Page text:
Fluchtgedenken, Berlin, 26 May 2017. Please click here to download resources for the day of intercession in memory of those who have lost their lives at the borders of the EU. Photo: CCME
Press Release No: 18/20
19 June 2018
Since 2000, more than 30,000 people have died on their way to Europe, drowning at sea or in rivers, or suffocating in trucks and ships. Recent events relating to the rescue ship Aquarius underscore that some policy makers are not prioritising the lives and wellbeing of those stranded at sea. This refusal to receive points to moral bankruptcy and the failure to enact European values. Against these trends, churches must continue to advocate for justice and welcoming societies. Churches in Europe have already responded to this wholly unnecessary loss of life through solidarity, supporting search and rescue efforts, and also by advocating for safe and regular ways for refugees and migrants to enter Europe.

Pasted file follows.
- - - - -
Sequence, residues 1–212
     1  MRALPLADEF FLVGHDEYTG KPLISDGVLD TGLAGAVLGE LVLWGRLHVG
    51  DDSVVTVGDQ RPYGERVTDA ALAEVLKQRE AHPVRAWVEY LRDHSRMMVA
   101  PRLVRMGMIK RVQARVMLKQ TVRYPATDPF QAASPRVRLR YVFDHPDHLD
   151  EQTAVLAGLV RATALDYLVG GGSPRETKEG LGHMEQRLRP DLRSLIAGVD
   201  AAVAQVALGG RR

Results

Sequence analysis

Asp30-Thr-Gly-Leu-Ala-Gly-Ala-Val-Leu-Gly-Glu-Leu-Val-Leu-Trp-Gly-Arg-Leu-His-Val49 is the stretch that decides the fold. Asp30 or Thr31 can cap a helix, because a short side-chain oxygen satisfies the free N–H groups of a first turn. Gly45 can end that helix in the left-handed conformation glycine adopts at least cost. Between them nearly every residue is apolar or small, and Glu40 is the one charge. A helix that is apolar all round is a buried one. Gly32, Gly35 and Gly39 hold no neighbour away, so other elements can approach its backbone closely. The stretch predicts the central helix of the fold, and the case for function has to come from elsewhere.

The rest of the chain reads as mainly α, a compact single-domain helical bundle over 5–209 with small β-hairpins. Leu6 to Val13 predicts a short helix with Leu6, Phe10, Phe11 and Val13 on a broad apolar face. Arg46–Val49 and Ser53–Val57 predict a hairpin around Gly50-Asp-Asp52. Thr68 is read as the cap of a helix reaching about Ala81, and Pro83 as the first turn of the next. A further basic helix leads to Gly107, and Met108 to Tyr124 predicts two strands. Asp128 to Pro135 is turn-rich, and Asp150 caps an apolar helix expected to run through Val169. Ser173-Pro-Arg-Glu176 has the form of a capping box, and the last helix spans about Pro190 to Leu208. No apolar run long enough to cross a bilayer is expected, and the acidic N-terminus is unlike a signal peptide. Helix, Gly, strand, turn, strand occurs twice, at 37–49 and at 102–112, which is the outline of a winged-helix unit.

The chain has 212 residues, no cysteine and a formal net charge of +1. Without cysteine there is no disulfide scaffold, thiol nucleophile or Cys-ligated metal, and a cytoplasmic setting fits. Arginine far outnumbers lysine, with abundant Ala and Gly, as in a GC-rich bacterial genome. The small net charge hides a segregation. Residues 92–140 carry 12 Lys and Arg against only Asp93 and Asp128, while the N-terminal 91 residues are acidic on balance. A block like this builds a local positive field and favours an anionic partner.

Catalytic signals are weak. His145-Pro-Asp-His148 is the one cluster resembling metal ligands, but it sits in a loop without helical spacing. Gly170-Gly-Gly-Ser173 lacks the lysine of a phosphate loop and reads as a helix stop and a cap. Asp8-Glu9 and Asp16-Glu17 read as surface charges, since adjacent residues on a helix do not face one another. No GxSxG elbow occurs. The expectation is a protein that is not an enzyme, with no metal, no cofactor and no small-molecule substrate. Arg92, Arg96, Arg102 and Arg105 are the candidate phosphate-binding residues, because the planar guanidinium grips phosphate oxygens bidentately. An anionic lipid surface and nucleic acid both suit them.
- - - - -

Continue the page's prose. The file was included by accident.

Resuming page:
Responding to this ongoing crisis, Fr Heikki Huttunen, general secretary of the Conference of European Churches, and Doris Peschke, general secretary of the Churches’ Commission for Migrants in Europe, have issued their annual appeal for churches to commemorate all those who lost their lives seeking safety.
In a joint letter to CEC and CCME constituencies, they recalled the outcomes of the recent 2018 Novi Sad General Assembly of the Conference of European Churches. “The protection of the rights of people who have abandoned their homes due to war, and driven to Europe in hope of a better life forces Europe to look at itself and reflect on its future, but also its responsibility and place in the world.” They encouraged churches to use resources available on the CCME website, including ideas for worship, intercessional prayers, meditations and hymns. Communities can use these on 24 June, the Sunday following International Refugee Day, or at another appropriate moment throughout the year.
The general secretaries also stressed the theological importance of commemorating, praying, and extending radical hospitality to those in need. This was echoed by the General Assembly, the highest decision-making body of the Conference of European Churches. “It is through the lens of the Word of God that human existence is truly valued collectively and individually. It is a fact that the first true stranger is none other than Christ himself.”